|SANDBAGS LINE the quickly eroding coast of Kivalina, Alaska, which climate change may soon make uninhabitable.|
(Photo by Jan Van Der Woning/TCS/Zuma Press)
During the tobacco wars of the 1990s, attorneys Steve Susman and Steve Berman stood on opposite sides of the courtroom. Berman represented 13 states in what was then seen as a quixotic attempt to recover smoking-related medical costs, and conceived the strategy that would break the tobacco industry’s back: an emphasis on charges of conspiracy to deceive the public about the dangers of cigarettes. Susman had turned down offers to represent Massachusetts and Texas against the cigarette makers; instead he defended Philip Morris—until 1998, when the industry settled for more than $200 billion, the biggest civil settlement ever. Now, a decade later, the two lawyers find themselves on the same side of the aisle, working on a case that seems just as improbable as the ones that brought down Big Tobacco ever did—and with implications that could be at least as far-reaching.
The Eskimo village of Kivalina sits on the tip of an eight-mile barrier reef on the west coast of Alaska. Fierce storms are ripping apart the shores. Residents report sinkholes in nearby riverbanks. Despite emergency erosion-control efforts, the crumbling coast threatens the village’s school and electric plant. In 2006, the U.S. Army Corps of Engineers concluded that Kivalina would be uninhabitable in as little as 10 years, and that relocating its approximately 400 residents would cost at least $95 million. Global climate change, the Corps report said, had shortened the season during which the sea was frozen, leaving the community more vulnerable to winter storms.
As scientific evidence accumulates on the destructive impact of carbon-dioxide emissions, a handful of lawyers are beginning to bring suits against the major contributors to climate change. Their arguments, so far, have not been well received; the courts have been understandably reluctant to hold a specific group of defendants responsible for a problem for which everyone on Earth bears some responsibility. Lawsuits in California, Mississippi, and New York have been dismissed by judges who say a ruling would require them to balance the perils of greenhouse gases against the benefits of fossil fuels—something best handled by legislatures.
But Susman and Berman have been intrigued by the possibilities. Both have added various environmental and energy cases to their portfolios over the years, and Susman recently taught a class on climate-change litigation at the University of Houston Law Center. Over time, the two trial lawyers have become convinced that they have the playbook necessary to win big cases against the country’s largest emitters. It’s the same game plan that brought down Big Tobacco. And in Kivalina—where the link between global warming and material damage is strong—they believe they’ve found the perfect challenger.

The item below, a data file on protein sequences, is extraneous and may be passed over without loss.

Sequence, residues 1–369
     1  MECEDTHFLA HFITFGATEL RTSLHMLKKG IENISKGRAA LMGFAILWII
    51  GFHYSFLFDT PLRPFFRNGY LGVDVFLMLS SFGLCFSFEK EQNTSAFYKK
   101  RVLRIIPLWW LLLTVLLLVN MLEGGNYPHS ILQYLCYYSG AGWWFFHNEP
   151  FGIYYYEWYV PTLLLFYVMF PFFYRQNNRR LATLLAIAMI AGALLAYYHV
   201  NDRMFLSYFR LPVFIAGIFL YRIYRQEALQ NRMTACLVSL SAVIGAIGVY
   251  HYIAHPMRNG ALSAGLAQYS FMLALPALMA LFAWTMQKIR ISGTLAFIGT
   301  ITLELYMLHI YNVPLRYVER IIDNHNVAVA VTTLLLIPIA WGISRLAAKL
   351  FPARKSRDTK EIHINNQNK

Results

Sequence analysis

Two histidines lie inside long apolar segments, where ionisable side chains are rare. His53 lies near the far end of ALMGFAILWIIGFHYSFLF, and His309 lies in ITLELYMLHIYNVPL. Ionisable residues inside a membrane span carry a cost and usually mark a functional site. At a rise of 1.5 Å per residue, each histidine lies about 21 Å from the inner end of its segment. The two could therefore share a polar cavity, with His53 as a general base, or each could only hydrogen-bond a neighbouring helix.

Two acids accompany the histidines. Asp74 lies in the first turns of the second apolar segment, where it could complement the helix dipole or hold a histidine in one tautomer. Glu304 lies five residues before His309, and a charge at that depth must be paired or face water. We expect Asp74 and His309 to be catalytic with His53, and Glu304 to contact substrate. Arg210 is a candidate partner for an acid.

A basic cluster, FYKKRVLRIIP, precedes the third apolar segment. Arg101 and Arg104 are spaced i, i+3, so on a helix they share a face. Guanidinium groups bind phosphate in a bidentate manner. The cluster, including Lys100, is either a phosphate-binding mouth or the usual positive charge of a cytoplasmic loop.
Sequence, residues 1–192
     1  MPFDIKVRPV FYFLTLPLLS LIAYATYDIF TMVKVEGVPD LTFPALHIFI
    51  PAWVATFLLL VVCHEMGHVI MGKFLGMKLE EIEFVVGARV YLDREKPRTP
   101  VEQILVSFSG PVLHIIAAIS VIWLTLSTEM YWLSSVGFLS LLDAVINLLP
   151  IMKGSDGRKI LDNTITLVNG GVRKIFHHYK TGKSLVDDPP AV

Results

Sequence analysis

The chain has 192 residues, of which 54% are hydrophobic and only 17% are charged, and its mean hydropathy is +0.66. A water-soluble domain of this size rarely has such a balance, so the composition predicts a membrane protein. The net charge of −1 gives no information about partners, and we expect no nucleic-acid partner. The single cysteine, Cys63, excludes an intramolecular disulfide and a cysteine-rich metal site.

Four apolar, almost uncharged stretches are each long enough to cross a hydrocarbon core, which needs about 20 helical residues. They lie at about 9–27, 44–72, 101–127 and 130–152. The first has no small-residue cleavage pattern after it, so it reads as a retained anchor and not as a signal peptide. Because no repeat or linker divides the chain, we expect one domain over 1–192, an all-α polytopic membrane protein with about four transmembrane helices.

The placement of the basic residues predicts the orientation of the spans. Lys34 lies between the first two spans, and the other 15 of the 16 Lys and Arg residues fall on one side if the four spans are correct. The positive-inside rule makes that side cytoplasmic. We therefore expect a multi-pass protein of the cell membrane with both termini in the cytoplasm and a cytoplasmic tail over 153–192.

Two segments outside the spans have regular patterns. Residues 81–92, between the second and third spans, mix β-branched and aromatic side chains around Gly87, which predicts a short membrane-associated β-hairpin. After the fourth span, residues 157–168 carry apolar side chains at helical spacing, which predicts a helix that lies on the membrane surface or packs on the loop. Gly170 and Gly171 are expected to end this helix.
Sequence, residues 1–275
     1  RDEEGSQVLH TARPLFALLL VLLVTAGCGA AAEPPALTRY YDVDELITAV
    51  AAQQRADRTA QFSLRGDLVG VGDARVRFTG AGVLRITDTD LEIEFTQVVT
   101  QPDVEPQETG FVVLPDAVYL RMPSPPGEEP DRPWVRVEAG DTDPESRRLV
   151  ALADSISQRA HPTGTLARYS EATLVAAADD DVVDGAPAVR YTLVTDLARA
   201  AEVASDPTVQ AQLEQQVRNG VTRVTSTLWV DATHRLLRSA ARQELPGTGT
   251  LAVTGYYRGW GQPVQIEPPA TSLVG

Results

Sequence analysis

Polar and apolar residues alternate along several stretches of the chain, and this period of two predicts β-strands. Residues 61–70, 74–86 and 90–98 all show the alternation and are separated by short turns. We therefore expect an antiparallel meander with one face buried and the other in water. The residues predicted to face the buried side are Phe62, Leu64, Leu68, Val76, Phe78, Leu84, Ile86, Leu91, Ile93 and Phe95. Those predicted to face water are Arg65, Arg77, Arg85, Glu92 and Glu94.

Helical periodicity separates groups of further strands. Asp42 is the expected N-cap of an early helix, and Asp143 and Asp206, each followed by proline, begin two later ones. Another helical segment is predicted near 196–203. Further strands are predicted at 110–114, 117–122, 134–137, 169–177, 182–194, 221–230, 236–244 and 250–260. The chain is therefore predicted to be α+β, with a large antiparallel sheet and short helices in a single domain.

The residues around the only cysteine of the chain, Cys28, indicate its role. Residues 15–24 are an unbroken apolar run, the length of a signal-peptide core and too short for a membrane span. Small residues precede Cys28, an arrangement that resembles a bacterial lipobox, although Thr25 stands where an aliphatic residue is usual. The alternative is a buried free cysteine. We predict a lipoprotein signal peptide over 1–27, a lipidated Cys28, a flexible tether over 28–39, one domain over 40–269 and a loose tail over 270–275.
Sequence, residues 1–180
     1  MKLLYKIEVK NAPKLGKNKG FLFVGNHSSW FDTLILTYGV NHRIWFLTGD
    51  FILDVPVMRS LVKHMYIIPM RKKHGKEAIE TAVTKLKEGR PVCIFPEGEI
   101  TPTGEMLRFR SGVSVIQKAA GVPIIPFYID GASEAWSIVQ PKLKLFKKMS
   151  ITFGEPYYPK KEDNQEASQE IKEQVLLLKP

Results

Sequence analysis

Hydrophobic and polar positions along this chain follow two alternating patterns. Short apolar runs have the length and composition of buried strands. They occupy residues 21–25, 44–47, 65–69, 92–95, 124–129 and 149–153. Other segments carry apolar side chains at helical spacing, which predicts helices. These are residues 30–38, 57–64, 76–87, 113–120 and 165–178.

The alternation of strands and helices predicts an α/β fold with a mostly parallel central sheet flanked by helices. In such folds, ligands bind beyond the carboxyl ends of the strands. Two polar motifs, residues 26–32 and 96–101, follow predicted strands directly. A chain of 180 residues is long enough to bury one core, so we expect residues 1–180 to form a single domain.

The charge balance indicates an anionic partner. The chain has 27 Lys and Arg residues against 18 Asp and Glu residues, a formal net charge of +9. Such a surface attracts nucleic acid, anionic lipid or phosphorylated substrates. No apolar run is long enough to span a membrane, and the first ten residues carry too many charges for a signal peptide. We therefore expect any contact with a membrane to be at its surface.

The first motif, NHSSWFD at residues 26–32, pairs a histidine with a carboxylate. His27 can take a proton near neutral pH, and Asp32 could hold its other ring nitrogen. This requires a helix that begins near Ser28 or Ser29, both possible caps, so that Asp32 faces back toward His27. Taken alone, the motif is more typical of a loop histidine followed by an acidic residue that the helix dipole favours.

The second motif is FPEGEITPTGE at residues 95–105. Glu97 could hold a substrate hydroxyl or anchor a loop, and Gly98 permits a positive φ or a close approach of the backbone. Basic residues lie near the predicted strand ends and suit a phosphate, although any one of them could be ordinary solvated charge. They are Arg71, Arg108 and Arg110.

In February, Berman and Susman—along with two attorneys who have previously worked on behalf of the village, and Matt Pawa, an environmental lawyer specializing in global warming—filed suit in federal court against 24 oil, coal, and electric companies, claiming that their emissions are partially responsible for the coastal destruction in Kivalina. More important, the suit also accuses eight of the firms (American Electric Power, BP America, Chevron, ConocoPhillips, Duke Energy, ExxonMobil, Peabody Energy, and Southern Company) of conspiring to cover up the threat of man-made climate change, in much the same way the tobacco industry tried to conceal the risks of smoking—by using a series of think tanks and other organizations to falsely sow public doubt in an emerging scientific consensus.
This second charge arguably eliminates the need for a judge to determine how much greenhouse-gas production—from refining fossil fuel and burning it to produce energy—is acceptable. “You’re not asking the court to evaluate the reasonableness of the conduct,” Berman says. “You’re asking a court to evaluate if somebody conspired to lie.” Monetary damages to Kivalina need not be sourced exclusively to the defendants’ emissions; they would derive from bad-faith efforts to prevent the enactment of public measures that might have slowed the warming.
Berman and Susman aren’t alone in drawing parallels between the actions of the defendants and those of the tobacco industry. The Union of Concerned Scientists, an environmental advocacy group, has accused ExxonMobil of adopting the cigarette manufacturers’ strategy of covertly establishing “front” groups, promoting writers who exaggerate uncertainties in the science, and improperly cultivating ties within the government. The oil company, it says, has “funneled approximately $16 million to carefully chosen organizations that promote disinformation on global warming.”